But even in the shadows of a national pandemic, it didn’t last long. An analysis of city records obtained by Eugene Weekly and the Catalyst Journalism Project in June 2020 showed that unhoused people were forced to move from their campsites more than 1,600 times since the COVID-19 pandemic began.  

Jackson hasn’t received a ticket of any kind since February 2020. He’s spent a majority of the pandemic living in a tent in Zinke’s backyard, typing up his civil suit from his phone, and searching for the momentum he had when he successfully leveraged his Butterfly Lot protest into Camp 99.

“I still want the city to give me the opportunity to take care of what they asked me to take care of,” Jackson said. “I still have the 150 people I’ve made inroads with who qualify as low barrier, which they said is the only thing they’ll finance.”

He spent a week in the Springfield Municipal Jail at the beginning of February, where he finished out a 12-day sentence for two separate criminal trespassing charges that date back to October 2019. Jackson sought to appeal the charges, but says he missed a court date due to COVID-19. 

Zinke protested Jackson’s week-long stay in jail, calling it a pointless and dangerous exercise of authority to put a nonviolent person in jail with recirculated air in the middle of a global pandemic. 

The defendants in Jackson’s sweeping civil suit filed a motion to dismiss for failure to state a claim in June 2021. Judge Mustafa T. Kasubhai filed an advice notice on June 16, telling Jackson that he can’t rely on his original complaint when answering to these motions; that he’ll need to provide more evidence to make sure his case doesn’t get thrown out.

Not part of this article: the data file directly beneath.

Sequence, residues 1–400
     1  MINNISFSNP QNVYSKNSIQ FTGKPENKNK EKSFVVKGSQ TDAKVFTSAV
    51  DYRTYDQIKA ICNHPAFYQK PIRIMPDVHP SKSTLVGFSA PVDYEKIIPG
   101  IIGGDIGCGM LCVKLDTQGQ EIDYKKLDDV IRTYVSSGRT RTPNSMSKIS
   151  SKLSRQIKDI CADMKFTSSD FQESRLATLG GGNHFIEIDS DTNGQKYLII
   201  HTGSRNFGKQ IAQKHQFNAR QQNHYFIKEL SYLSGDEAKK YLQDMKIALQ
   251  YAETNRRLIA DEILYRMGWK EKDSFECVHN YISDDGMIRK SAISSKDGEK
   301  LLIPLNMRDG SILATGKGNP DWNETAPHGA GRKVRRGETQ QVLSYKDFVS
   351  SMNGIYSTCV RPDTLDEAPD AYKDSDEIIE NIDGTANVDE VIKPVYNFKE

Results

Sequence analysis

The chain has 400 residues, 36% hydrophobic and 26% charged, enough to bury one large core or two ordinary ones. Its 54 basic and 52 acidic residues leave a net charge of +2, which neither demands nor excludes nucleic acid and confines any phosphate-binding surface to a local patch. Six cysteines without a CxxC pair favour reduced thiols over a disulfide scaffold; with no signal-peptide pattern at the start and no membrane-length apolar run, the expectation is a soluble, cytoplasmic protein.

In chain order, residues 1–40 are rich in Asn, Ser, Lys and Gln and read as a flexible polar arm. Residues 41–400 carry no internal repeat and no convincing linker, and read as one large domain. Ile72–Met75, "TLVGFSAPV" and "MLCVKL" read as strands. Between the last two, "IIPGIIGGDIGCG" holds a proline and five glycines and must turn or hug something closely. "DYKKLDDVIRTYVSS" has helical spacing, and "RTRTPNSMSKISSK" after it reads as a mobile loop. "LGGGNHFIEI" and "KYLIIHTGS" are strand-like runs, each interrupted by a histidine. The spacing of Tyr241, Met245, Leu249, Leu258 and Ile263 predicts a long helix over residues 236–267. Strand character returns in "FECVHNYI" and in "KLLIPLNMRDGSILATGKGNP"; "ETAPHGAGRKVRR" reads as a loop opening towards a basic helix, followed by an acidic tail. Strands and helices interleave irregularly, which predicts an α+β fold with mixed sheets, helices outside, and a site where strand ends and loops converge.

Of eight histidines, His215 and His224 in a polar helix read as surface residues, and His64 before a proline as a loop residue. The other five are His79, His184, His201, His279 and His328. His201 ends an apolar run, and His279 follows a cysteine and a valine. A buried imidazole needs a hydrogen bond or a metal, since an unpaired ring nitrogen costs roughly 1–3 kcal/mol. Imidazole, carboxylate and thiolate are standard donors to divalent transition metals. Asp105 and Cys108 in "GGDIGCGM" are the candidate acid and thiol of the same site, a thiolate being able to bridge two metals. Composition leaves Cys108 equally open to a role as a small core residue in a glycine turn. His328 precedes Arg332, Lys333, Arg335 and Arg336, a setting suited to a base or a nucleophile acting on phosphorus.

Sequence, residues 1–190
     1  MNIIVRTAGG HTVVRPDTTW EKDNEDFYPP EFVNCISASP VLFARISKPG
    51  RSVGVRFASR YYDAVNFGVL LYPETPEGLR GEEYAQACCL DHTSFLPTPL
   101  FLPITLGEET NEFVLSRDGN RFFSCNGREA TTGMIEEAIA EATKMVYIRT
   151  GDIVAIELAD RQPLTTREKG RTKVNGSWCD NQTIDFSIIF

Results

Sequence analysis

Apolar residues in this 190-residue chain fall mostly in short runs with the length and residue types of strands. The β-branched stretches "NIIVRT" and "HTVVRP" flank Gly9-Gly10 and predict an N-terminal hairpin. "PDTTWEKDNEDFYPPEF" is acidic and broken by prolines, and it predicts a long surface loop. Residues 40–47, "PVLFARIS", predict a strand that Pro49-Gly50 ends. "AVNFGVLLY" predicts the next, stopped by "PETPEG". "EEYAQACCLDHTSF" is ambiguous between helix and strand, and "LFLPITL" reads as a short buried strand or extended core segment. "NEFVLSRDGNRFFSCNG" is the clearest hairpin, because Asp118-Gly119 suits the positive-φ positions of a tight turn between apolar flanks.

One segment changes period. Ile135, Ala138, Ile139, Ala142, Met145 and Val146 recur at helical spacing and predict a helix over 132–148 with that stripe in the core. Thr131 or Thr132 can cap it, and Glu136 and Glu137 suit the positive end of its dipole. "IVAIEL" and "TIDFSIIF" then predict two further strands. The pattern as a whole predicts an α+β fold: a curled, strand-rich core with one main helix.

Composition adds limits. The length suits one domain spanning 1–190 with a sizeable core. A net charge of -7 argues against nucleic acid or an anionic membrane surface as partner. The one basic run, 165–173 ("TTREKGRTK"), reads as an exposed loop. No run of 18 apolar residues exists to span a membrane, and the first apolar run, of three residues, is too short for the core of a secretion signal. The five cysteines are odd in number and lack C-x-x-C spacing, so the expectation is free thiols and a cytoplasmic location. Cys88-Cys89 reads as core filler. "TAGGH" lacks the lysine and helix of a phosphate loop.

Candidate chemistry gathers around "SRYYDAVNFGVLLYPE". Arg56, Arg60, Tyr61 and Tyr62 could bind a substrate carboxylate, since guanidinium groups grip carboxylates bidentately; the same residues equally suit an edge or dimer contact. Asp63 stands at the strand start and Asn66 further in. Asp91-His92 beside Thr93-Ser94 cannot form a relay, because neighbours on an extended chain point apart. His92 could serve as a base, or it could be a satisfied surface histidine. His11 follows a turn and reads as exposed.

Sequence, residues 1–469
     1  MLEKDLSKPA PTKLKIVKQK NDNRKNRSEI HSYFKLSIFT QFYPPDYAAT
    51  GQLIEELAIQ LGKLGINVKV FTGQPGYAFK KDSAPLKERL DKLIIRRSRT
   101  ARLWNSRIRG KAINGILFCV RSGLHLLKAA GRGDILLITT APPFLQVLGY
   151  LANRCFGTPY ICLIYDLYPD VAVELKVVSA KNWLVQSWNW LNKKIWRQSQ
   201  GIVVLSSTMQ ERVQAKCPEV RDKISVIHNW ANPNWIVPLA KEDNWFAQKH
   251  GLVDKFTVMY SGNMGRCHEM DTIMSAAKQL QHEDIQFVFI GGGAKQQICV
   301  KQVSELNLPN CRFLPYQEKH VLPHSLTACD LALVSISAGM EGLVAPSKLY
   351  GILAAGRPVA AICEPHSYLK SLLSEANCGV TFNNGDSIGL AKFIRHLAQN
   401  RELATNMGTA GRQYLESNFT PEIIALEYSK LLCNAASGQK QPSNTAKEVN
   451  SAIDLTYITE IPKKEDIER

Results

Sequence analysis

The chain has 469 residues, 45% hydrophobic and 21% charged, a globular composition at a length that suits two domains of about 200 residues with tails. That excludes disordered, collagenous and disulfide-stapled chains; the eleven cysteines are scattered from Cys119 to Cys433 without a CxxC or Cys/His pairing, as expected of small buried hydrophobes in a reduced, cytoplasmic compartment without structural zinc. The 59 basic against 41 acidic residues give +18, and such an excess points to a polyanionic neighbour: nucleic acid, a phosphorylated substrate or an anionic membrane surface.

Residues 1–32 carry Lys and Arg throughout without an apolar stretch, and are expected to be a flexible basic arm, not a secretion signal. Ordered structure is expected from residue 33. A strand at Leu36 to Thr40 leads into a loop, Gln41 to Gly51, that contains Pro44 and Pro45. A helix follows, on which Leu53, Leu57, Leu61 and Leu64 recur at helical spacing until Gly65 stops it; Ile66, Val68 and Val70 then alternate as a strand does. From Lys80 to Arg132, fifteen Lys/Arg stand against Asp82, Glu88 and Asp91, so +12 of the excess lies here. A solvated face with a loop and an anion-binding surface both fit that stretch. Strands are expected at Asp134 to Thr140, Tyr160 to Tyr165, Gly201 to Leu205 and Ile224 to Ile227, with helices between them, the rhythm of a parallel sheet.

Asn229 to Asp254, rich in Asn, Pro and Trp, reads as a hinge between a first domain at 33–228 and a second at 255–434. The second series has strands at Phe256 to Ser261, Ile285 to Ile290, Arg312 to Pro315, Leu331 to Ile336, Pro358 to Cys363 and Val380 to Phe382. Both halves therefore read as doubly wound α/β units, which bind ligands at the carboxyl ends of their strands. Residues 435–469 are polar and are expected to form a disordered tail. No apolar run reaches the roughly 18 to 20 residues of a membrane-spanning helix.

“If you do not submit your own evidence in opposition, the motion to dismiss will be granted, your case will be dismissed, and there will be no trial,” Judge Kasubhai writes in the filing. 

It may seem as if Jackson has been more quiet lately, but he isn’t gone. Filing a civil suit against a city is already an uphill battle. Doing it while living in a tent — through snowstorms, pandemics and heat waves — seems almost impossible. Yet, through it all, Jackson is the same jarringly confident man that he was nearly three years ago at Camp 99 and the Butterfly Lot, and his frustration with the city has only grown more fervent. 

Why did Jackson give up everything in his personal life to help a city he had no connection to until only recently? He says it’s because he made a commitment.

“Yeah, it really is,” Jackson says. “That’s why I literally wear a wedding ring. So that I don’t forget that I’m married to this cause, and I can’t just walk away. Because there’s no voice. Nobody else has the ability to speak up because they get pushed down by police. I won’t be backed down by the police. I’ll do the time in jail. I don’t care.”

With additional reporting from Rachel McKinnon.